You could soon be saved from a major problem that blights your automobile—corrosion and rust. This is more evident if you live in a region that gets heavy rainfall such as the Northeast or if you are from the coastal areas buffeted by salty sea winds. The salt-laden moisture blown from the sea is a catalyst that accelerates the corrosion process, thereby reducing your car’s life and depreciating its value. Is there a solution to stop the decay or shield the cars from the elements? The answer is galvanised steel, the one with an anti-rust, protective zinc coating. Problem is all domestic production cars are made currently with non-galvanised steel. That’s what the government is intending to change; and throw a lifeline to millions of automobile owners in the country.
The Union road transport ministry is considering a proposal to make it mandatory for the automobile industry to use only galvanised steel. The government has asked leading automobile safety and engineering institutions such as the International Centre for Automotive Technology (ICAT), Manesar, and the Automotive Research Association of India (ARAI) in Pune to send inputs and recommendations for the plan. The proposal will then go to a standing committee of Parliament before a final call is taken.
“Although there are 150 steel standards, vehicle steel has no standards in India. We adopt European standards. Cars with a value of less than Rs 10 lakh have the minimum galvanisation. This proposal was submitted to the government on the premise that galvanisation will increase life of a vehicle against corrosion and rust. I have advised the ministry to improve standards to reduce fatalities in road accidents through this. The technical standing committee will eventually set standards on galvanisation and make it compulsory,” says Veerendra Singh Rathore, technical advisor, road safety, ministry of road transport, and the person behind the proposal. Once this is done, this will become the automobile industry standard.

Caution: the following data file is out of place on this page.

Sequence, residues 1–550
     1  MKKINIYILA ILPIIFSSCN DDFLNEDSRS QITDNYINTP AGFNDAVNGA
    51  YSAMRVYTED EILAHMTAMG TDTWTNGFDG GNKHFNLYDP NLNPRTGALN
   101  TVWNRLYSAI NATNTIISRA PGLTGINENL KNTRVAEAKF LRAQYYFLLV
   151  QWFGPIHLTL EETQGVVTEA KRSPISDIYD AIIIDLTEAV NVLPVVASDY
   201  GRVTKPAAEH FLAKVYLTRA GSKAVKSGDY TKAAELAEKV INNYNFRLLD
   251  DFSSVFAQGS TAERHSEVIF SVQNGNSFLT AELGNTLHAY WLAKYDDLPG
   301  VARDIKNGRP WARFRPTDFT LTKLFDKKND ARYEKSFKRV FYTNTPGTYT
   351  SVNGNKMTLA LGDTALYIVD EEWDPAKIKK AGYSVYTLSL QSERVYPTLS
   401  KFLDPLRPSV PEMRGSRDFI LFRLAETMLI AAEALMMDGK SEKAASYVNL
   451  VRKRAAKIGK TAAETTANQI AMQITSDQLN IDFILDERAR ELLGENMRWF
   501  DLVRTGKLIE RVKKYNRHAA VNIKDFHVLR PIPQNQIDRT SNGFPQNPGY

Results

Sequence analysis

The ministry has also written to the Society of Indian Automobile Manufacturers (SIAM), the holding union of car manufacturers in India, this December and sought their views on the subject. SIAM’s response is awaited.
At present, less than 30 per cent of the steel used in cars is galvanised and that too is not on a regular basis across car manufacturers. In export models, the amount of galvanisation is often around 70 per cent. This is primarily because Europe and the US have stringent rules mandating galvanisation of automotive steel. Flat products, such as hot rolled, cold rolled and coated steel sheets, account for about 80 per cent of steel products consumed by the auto makers. Steel is used for roof, chassis, wheels, brakes, exhaust and engine.
In 2015, IIT Bombay carried out an extensive study of automotive body corrosion in Mumbai and adjoining areas to track corrosion performance of currently used materials in India-made cars valued at less than Rs 10 lakh. The study adopted methodology similar to the one used in North America to check for visible perforations, paint blisters, and surface red rust. The survey was conducted in coastal and other humid regions of Mumbai. The results were surprisingly similar to those seen in a Detroit survey despite the fact that no road de-icing salts are used in Mumbai. The IIT report proved there is a corrosion problem affecting the durability and the eventual safety of cars in India. This is particularly visible in all coastal and high-humidity areas.